Summer 2011: The Great Lakes
But today, the Great Lakes face a daunting array of threats. There is increasing evidence of climate change in the Great Lakes region—air and waters are warming, causing frequent and unusually strong storms that have resulted in massive flooding. Old, failing infrastructure in communities around the Lakes are responsible for an increase in sewage overflowing into waters that abound with swimmers and provide drinking water for more than 40 million people. Four of the five poorest cites in America border the Great Lakes—Detroit, Buffalo, Cleveland, and Milwaukee.
In addition, the Great Lakes are threatened by invasive aquatic species that enter the Lakes from the ballast of ships traveling from the Atlantic Ocean and St. Lawrence Seaway. Today, a new invasive species is being detected in the Great Lakes every eight months.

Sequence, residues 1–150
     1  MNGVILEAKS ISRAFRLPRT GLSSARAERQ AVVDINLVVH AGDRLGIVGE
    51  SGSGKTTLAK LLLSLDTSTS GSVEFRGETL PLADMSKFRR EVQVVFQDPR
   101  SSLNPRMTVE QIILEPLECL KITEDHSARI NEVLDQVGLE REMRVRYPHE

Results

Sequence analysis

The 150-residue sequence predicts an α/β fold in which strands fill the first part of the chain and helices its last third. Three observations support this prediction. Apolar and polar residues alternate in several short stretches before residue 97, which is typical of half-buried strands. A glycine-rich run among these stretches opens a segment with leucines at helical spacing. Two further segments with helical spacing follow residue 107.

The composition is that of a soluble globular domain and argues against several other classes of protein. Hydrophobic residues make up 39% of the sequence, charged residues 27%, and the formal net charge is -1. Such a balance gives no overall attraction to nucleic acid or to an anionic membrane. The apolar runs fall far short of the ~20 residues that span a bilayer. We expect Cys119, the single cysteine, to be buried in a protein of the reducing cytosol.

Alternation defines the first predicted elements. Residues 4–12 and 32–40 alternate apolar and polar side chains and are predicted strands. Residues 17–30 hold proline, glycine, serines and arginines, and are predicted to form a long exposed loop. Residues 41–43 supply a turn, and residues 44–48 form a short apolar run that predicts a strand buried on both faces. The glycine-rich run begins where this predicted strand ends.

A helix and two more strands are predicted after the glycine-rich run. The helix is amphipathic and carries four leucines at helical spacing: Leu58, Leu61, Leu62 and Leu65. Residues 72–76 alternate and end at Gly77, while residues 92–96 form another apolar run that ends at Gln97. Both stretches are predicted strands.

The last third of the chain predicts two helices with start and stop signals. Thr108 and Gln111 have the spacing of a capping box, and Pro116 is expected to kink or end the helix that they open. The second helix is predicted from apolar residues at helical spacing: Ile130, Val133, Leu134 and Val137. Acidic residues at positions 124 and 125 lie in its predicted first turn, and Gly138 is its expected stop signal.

Further threats to the Lakes include conversion of pristine natural areas to housing developments, including summer homes, and the excavation of sulfide mines. The vast quantities of Great Lakes water are also being increasingly considered for supplying shortages in the U.S. Southwest and Southeast.
Eleven Great Lakes Waterkeepers in the U.S. and Canada are working separately and together to address these dire issues. For example, they joined forces to advocate for passage of the Great Lakes Compact, an agreement involving eight states and provinces that assures that Great Lakes water will stay in the Great Lakes by regulating diversions and in-basin consumptive uses of water.
In spite of the long odds, the Great Lakes’ 11 Waterkeeper organizations are playing critical roles in meeting the challenges and restoring these magnificent bodies of water to their past glory.